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The libretto, comes in a booklet form about the size of a theatre program with a red cover. On one page is Wagner's original text in German. On the facing page a translation by Stewart Robb which is lucid, and easy to match with Wagner's words. Ideal for getting to know the libretto. Alternatively, ideal for following some recordings which have not reproduced the text, e.g. at time of writing Barenboim's recording of Parsifal. The print quality is good, as is the paper, though perhaps a little big to stand on a standard bookshelf. A slightly smaller size would gave made it more portable, and easily stored, hence four stars rather than five. But all in all up to its job and this will enhance your enjoyment of the opera.
Contrary to a review published below, this is not a full score, although there are some musical excertps and leitmotifs quoted.
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There are five articles in Opera Guide no.34, as follows:
'A Very Human Epic' by Mike Ashman: a distinguished opera director, best known for his Wagner productions; these have included the WNO 'Ring' and 'Parsifal', the Norwegian Opera's 'Ring' and productions at Covent Garden. This essay provides an excellent introduction to Wagner's 'Parsifal'. It does however contain a few factual errors; in particular, Ashman is clearly out of his depth when he discusses Wagner's sources such as the 'Poetic Edda' (for the 'Ring') and Chretien de Troyes (for 'Parsifal').
This Guide was completed in 1986, and therefore it is understandable that the controversy that blew up around 'Parsifal' in the mid-1980's does not receive an adequate treatment here. The criticisms of Hartmut Zelinsky and Robert Gutman are mentioned, briefly, in a footnote at the end of Ashman's article.
'Recapitulation of a Lifetime' by Dieter Borchmeyer. I found this rather an eccentric take on 'Parsifal'. The author erroneously believes that the genesis of the work began in 1865; whereas Wagner recorded that the initial inspiration came in Marienbad in 1845 and the first sketch was written soon after Good Friday 1857. Borchmeyer also seems to be under the impression that Amfortas is meant to die at the end of 'Parsifal'; although this is a variant seen in many productions, it was not Wagner's idea. Etc.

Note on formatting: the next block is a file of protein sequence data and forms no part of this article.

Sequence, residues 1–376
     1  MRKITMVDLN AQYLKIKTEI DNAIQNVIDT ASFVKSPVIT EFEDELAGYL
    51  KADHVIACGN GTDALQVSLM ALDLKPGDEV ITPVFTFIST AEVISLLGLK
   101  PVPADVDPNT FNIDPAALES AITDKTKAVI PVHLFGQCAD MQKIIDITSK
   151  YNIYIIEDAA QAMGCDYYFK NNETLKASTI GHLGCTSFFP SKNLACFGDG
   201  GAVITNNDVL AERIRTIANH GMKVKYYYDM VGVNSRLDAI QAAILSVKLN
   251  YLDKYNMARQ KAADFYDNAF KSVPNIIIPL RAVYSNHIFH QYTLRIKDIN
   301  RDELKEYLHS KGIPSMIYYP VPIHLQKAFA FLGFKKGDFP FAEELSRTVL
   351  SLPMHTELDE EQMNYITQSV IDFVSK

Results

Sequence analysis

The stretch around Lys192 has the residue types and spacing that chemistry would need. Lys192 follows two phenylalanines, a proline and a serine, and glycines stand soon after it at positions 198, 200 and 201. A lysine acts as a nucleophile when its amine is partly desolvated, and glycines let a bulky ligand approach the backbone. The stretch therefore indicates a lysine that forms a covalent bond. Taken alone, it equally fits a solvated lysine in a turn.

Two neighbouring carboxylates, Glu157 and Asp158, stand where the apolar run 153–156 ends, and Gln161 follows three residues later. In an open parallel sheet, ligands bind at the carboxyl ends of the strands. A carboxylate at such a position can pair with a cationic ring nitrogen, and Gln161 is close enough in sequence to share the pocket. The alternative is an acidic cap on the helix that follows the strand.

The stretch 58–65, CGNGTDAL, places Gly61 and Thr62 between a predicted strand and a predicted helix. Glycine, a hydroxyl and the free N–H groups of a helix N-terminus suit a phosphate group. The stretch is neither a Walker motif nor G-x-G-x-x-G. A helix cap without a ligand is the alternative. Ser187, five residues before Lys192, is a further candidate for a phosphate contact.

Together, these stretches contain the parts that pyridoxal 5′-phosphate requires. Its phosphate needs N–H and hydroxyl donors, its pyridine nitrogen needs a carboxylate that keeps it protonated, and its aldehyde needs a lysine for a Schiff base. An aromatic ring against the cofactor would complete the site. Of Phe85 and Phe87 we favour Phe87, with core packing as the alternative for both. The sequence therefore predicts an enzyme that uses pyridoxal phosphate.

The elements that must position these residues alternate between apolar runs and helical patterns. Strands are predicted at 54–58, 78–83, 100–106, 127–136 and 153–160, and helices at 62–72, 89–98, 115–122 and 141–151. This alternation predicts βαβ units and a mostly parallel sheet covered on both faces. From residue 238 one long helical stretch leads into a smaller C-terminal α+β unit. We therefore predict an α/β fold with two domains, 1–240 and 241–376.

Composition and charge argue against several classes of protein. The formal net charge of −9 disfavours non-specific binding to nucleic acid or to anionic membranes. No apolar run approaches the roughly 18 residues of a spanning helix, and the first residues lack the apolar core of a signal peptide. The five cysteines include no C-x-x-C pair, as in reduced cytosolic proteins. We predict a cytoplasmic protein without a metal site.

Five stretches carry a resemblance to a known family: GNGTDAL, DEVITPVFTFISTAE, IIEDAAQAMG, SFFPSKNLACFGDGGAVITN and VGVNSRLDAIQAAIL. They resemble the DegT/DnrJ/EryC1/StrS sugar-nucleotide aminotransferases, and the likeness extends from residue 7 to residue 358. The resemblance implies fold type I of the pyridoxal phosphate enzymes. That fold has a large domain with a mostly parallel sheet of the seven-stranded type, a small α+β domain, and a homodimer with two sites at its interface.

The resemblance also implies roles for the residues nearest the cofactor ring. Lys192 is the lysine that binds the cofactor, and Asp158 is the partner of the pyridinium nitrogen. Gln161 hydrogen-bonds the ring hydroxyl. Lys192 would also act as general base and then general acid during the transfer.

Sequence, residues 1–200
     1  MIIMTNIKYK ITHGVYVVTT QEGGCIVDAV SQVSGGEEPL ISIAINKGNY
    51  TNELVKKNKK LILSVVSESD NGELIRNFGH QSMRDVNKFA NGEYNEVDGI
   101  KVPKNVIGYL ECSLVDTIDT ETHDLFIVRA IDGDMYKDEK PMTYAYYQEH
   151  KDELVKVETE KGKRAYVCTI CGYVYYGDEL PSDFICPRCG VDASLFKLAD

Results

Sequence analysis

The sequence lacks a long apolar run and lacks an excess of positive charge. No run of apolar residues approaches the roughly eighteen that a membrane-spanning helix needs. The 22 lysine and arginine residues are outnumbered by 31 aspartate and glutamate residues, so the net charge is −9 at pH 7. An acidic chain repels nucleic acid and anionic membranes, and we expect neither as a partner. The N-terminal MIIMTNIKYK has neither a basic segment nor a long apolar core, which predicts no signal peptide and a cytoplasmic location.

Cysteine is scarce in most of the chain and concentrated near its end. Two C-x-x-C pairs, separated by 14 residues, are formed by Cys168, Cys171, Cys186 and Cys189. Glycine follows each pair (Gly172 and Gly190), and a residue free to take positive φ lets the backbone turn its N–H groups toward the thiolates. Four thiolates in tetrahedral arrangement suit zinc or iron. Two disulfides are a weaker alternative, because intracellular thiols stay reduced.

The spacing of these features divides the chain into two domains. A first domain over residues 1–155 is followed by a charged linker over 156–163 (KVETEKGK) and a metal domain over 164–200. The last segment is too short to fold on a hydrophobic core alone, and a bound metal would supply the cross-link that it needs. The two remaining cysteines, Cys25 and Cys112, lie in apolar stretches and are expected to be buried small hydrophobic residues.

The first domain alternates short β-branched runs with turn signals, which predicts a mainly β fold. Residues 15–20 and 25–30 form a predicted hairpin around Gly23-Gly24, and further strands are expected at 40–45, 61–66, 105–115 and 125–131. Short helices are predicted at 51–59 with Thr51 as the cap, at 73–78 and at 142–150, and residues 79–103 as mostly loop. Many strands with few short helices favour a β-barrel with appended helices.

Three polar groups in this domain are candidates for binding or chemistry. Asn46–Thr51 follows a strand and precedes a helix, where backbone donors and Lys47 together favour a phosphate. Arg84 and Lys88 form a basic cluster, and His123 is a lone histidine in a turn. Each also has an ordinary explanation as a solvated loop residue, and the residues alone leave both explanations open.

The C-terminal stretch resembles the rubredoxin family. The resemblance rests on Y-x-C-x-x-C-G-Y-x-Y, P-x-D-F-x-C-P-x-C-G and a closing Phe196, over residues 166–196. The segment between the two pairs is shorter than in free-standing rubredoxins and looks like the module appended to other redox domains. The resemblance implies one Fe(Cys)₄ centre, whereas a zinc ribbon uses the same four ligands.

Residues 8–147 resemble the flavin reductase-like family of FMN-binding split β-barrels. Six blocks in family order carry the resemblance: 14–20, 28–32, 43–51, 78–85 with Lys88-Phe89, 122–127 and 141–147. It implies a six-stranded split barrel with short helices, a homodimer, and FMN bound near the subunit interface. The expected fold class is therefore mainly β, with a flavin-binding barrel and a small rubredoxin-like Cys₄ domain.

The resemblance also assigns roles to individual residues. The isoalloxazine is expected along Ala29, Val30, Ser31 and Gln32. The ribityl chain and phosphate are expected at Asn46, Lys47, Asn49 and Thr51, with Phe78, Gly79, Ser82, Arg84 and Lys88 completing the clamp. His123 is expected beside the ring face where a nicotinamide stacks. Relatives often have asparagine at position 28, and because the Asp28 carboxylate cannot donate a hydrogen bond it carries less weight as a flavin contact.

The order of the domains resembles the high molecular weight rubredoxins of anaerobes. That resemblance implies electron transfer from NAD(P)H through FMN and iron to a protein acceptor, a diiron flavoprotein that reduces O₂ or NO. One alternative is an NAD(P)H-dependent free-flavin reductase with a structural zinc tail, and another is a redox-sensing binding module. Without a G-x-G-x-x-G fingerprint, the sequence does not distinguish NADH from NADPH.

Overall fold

'Experiencing Music and Imagery in Parsifal' by Robin Holloway: composer and professor of music in the University of Cambridge. In this fascinating article, Holloway identifies a "sonorous image cluster" at the core of the work. When so many articles about Wagner are leitmotif-fixated, it is refreshing to read an analysis of a Wagner score in which it is seen as an organic whole in which harmonic and melodic elements are inseparable.
'Parsifal: Words and Music' by Carolyn Abbate. An eccentric article (or is it an undergraduate essay?). The reader should refer to his score when Abbate does so, since she often misreads her score.
'Discursions into the Dramaturgy of Parsifal' by Gerd Rienäcker. I have no idea what this purple prose might be about! Rienäcker tells us that, at the end of act 2, Parsifal 'sets off into the wilderness with no idea where he is going'. On the contrary, Parsifal knows *exactly* where he is going; he just does not know how to get there.
There is also a useful 'Thematic Guide' by Lionel Friend, which contains 69 musical examples, some of which might be called 'leitmotiven'. He omits at least one of importance: Newman's 'Atonement'. Both the libretto and some of the articles refer to these musical examples by their numbers.
On balance, I can recommend this book as an introduction to 'Parsifal'. Even though I would have preferred it without a couple of the essays.